LACE Educates Dillon On Governance Norms
Since his ascendency to the Liberian Senate, Senator Abe Darius Dillon has arguably proved to stand on the side of integrity, and for this he is said to be doing humanly possible not to get messed up into situations that would render him unworthy of the public’s trust in terms of living up to what he stood for before getting elected to the Upper House of the National Legislature.
Trending opinion is that Senator Dillon’s stance is elevating the debate at the Senate—with Senators being a little more careful how they deliberate on critical national issues and the sides they choose in these matters.
Observers are saying that, each time an instance of corruption or integrity issue arises from the Senate, Senator Dillon becomes the point of focus, and this is so because, so far, he is the only senator who has continuously preached and tried standing by “integrity”.
Even though the Senator could be considered among the acclaimed lawmakers of the 54th National Legislature when it comes to distancing oneself from corruption, he has been accused a number of times of being involved with corrupt and immoral activities at the Senate.
Some time ago, Senator Dillon was accused, along with other senators, of receiving US$10,000 as medical benefit. The senator was massively condemned because he told the electorate that he would only take US$5,000 as a take-home salary—no benefit, no brown envelope—nothing. Also, the senator was criticized for supporting the election of Liberty Party’s Chairman, Musa Bility, who has a corruption case against him from FIFA.
Now, the Senator is under spotlight for receiving US$15,000 as legislative project fund. Critics of the Senator are saying that it would have been better to receive his entire take-home salary, which is absolutely legal money, than to cut it down to US$5,000 but at the same time open up to funds he has been condemning others of receiving.
Just a few days ago, the Senator decided to do consultation on his Facebook page as it relates to returning the US$15,000 or not; the popular view was that it was immoral for lawmakers to receive such funds for project fees while vast majority of Liberians go to bed on empty stomach. Others argue that the allocation contravened the Public Financial Management Act, as well as the Budget Law.
Senator Dillon immediately declared that he would revert the funds to the Liberia Agency for Community Development (LACE), in order for the entity to undertake his library project for Montserrado County.
Apparently regretting his action, the Senator wrote on his Facebook page, “The focus being placed on us and the public scrutiny of what we do and how we do it is in place. We indeed welcome and embrace the scrutiny, the criticisms, the rebuke, etc in good strides. We hold no ill-will toward anyone for placing the premium focus on us, whatever the motivations may be. We may not always be right, but we will continue to strive to do our human best to be at our best.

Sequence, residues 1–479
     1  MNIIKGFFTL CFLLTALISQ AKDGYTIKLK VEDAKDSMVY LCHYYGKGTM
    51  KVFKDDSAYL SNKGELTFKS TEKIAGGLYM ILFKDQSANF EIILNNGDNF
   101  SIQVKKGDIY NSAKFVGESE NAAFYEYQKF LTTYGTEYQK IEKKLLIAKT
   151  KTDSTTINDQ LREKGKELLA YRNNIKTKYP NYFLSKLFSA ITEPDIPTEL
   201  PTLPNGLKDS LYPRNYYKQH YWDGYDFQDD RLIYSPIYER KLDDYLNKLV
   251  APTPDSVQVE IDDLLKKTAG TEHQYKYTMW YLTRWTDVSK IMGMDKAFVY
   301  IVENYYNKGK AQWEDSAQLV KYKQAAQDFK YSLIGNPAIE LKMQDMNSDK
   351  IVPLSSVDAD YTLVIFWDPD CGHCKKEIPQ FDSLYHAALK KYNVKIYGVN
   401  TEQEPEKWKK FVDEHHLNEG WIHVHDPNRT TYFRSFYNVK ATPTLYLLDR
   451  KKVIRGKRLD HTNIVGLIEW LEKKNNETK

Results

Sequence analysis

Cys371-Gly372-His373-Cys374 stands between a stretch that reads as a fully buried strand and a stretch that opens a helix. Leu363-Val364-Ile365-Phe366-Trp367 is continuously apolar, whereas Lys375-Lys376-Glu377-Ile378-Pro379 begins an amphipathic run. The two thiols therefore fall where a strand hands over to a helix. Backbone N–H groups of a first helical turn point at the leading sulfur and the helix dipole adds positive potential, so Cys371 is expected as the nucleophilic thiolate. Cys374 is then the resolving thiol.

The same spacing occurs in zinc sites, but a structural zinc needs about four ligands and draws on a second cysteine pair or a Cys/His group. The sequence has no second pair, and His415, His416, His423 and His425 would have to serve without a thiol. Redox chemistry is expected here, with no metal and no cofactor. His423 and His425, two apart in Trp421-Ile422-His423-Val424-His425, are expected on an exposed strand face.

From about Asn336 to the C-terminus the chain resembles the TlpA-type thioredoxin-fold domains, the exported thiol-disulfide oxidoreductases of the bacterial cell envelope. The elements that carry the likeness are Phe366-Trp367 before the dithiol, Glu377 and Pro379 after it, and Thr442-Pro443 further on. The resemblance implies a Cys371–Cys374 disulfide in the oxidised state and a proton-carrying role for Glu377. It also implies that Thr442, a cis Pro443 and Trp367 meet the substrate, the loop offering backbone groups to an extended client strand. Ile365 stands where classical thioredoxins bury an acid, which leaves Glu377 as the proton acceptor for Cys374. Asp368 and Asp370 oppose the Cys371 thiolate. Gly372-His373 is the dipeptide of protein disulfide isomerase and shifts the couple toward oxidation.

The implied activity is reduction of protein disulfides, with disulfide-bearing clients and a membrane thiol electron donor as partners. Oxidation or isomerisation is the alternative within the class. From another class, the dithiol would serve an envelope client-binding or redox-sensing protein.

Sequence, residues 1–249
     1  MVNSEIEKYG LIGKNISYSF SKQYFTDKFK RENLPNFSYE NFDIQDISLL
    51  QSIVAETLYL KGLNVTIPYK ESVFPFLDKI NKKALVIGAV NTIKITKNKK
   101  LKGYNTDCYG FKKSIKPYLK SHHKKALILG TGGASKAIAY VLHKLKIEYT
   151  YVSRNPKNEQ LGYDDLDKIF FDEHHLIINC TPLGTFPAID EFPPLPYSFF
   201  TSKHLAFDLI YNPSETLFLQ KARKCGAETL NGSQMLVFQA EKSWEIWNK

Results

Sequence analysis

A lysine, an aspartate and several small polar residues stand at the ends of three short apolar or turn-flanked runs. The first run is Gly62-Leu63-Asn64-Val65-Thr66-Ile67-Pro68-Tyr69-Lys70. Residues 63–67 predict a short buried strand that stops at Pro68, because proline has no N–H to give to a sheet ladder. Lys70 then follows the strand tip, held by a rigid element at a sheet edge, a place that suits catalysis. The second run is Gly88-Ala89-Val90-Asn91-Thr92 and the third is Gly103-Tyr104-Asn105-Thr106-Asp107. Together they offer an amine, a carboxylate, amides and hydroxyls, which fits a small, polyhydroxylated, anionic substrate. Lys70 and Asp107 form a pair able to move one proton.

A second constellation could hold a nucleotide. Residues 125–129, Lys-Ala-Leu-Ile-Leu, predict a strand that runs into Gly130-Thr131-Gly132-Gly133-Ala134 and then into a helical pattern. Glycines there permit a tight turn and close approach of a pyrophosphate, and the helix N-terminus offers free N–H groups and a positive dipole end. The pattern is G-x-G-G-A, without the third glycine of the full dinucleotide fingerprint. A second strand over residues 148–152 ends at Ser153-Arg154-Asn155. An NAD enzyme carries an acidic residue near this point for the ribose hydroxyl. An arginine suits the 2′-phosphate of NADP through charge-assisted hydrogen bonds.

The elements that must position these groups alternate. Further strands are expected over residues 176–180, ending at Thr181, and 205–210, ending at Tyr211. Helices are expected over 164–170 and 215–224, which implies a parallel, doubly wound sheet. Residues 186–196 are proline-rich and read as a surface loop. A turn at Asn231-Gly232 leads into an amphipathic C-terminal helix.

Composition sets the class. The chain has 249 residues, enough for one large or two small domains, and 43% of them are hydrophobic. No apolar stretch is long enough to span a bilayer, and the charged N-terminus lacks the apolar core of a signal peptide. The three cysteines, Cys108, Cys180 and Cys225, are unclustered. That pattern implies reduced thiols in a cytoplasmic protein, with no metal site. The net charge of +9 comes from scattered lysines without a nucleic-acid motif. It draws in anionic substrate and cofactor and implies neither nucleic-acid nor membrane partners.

“This should help to keep us on track for our own good and for good of country. And indeed, God is in control!!
“Going forward… with God above, we will be more guided; yes, more guided. We will seek counsel from a team of good, knowledgeable and wise advisors on our actions. We must be the change to effect the change we desire.”
However, LACE, with a slap in the face of the Senator, has informed the Senator that it is unable to take receipt of his US$15,000, because receipt of individual project monies from legislators would be contrary to governance norms to which LACE subscribes and would be a marked departure from LACE’s best practice.
In a public release issued yesterday, LACE noted, “It has come to the attention of the Liberia Agency for Community Empowerment (LACE) that Montserrado County Senator Darius Dillon publicly stated that he would transfer his US$15,000.00 (Fifteen Thousand United States Dollars) check to LACE to undertake his purposed Library projects within Montserrado County. Media outlets are today reporting through headlines and other forms the Senator’s intention to turn the US$15,000 (fifteen thousand United States dollars) check over to LACE.
“LACE, through this public release, wishes to remind the Senator and apprise the public that the regulations governing the operations of LACE and the statute creating the entity do not allow it to carry out individual projects for legislators outside the structures of an MOU sign between LACE and the Legislator and in line with budget appropriations or the budget process.
“LACE would carry out such project as part of the budget law and once such appropriation is made to LACE through the budget process. Receipt of individual project monies from legislators would be contrary to governance norms to which LACE subscribes and would be a marked departure from LACE’s best practice.
“We regret to inform the Senator that LACE is unable to take receipt of his US$15,000 check.”
With this statement coming out of LACE, observers are left to wonder what will be Senator Dillon’s next course of action as it relates to the US$15,000 already in his possession.